The office of chief priest was a high position among the Israelites. In the Old Testament, the terms chief priest and high priest are sometimes alternate translations of the same Hebrew phrase (compare 2 Chronicles 26:20 in the NIV and NET). In Jesus’ day the office of chief priest seems to have been distinguished from that of the high priest. Mark 14:53 lists several groups of people involved in Jesus’ arrest: “They took Jesus to the high priest, and all the chief priests, the elders and the teachers of the law came together.” These chief priests mentioned by Mark were high-ranking members of the priesthood who served on the Sanhedrin. A chief priest is named in Acts 19:14: Sceva.
The priesthood was instituted by God after the children of Israel left Egypt during the Exodus. In Numbers 3:12–13 the Lord set apart the entire tribe of Levi for special service. From the Levites came the priests, and among the priests were the high priest and, in Luke 19:47, the “chief priests.”
The chief priests would have been from the tribe of Levi. Moses, Aaron, and Miriam were all Levites, as were thousands of other men and women. God indicated that the high priest had to be a direct descendant of Aaron. All priests were Levites, but not all Levites were priests. Only some of the Levites belonged to the Aaronic priesthood. Exodus 29:7–9 states, “Take the anointing oil and anoint [Aaron] by pouring it on his head. Bring his sons and dress them in tunics and fasten caps on them. Then tie sashes on Aaron and his sons. The priesthood is theirs by a lasting ordinance. Then you shall ordain Aaron and his sons.” Only the high priest, or chief priest, could enter the Most Holy Place once a year on the Day of Atonement (Yom Kippur). The other Aaronic priests served in rotating “courses” so that they could have a turn to minister in the Holy Place and offer sacrifices (see Luke 1:8–9).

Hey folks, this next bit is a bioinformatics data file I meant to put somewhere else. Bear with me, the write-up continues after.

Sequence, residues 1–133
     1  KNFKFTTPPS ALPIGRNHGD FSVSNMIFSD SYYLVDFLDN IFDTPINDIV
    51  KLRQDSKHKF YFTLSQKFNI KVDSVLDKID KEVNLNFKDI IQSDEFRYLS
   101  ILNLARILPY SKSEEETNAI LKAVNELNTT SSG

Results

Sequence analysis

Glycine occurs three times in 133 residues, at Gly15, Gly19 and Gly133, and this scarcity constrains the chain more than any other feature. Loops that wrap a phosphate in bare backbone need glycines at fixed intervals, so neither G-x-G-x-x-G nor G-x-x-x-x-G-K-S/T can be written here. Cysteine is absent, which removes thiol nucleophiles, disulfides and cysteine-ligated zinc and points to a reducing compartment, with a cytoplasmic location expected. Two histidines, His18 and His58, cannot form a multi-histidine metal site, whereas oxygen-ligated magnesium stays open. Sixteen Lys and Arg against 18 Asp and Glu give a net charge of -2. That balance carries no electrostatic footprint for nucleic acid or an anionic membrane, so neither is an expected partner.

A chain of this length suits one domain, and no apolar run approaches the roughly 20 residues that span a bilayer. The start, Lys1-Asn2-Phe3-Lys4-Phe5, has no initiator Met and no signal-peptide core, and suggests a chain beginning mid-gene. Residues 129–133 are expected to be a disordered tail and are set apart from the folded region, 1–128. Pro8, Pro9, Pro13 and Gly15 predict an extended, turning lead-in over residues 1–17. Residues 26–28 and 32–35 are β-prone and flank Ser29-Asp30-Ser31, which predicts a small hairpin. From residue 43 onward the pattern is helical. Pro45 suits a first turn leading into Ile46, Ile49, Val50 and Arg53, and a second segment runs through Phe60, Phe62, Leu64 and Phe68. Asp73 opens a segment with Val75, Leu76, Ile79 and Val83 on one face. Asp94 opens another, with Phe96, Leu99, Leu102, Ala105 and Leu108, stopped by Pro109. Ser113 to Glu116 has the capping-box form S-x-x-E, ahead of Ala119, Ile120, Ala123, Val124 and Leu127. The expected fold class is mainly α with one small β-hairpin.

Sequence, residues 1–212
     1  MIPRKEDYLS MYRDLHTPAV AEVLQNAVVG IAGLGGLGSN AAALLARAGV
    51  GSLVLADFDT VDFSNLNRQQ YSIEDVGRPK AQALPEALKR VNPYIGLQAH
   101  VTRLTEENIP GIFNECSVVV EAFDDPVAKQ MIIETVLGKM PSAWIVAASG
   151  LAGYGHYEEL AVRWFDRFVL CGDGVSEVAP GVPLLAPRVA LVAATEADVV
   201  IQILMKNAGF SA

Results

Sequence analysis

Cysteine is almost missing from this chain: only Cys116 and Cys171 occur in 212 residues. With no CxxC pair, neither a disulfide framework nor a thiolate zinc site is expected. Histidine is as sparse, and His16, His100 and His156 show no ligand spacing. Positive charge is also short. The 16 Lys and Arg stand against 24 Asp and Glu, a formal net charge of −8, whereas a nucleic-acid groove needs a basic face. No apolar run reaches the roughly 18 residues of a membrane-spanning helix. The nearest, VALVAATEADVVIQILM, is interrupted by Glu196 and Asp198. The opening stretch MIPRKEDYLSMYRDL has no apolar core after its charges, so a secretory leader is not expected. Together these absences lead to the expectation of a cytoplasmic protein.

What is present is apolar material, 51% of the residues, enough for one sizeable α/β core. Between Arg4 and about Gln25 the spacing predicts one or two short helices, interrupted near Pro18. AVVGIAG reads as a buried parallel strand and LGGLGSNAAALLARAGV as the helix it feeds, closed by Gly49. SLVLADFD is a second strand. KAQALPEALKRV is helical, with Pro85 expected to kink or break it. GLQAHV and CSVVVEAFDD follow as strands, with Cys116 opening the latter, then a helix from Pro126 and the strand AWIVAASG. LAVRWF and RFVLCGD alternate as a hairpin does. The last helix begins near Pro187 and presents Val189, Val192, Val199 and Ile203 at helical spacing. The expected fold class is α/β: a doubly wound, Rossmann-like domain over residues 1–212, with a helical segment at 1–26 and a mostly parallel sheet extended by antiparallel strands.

The other Levites (not descended from Aaron) served in other ways. The other sons of Levi were involved in carrying the ark and the various parts of the tabernacle. After the temple was built, the Levites were involved in caring for the temple. Numbers 3 provides information about them.
Acts 23 demonstrates that the priesthood was not functioning as outlined in the Pentateuch. The Sanhedrin, for example, was not a Mosaic concept, and neither was the idea of many “chief priests.” The Sanhedrin was probably begun about 70 BC by Alexander Janneaus, the Hasmonean king of Judea. Eventually, the Sanhedrin consisted of 70 or 71 elders and scholars, including the high priest (usually the president of the body), other Levitical priests, Sadducees, and Pharisees. The purpose of the Sanhedrin was to act as a tribunal in making decisions regarding the Law.
In Acts 23:2 Paul is on trial. Ananias is identified as the high priest in charge of the proceedings. Then, verse 14 mentions “the chief priests and the elders.” The “chief priests” were probably Sadducees and others in the Sanhedrin. Both the NIV and NASB refer to “chief priests” in the plural. Other translations call them “leading priests” (NLT) or “princes of the priests” (Jubilee Bible 2000). The chief priests probably included Ananias and other priests who wielded a certain amount of political power and influence.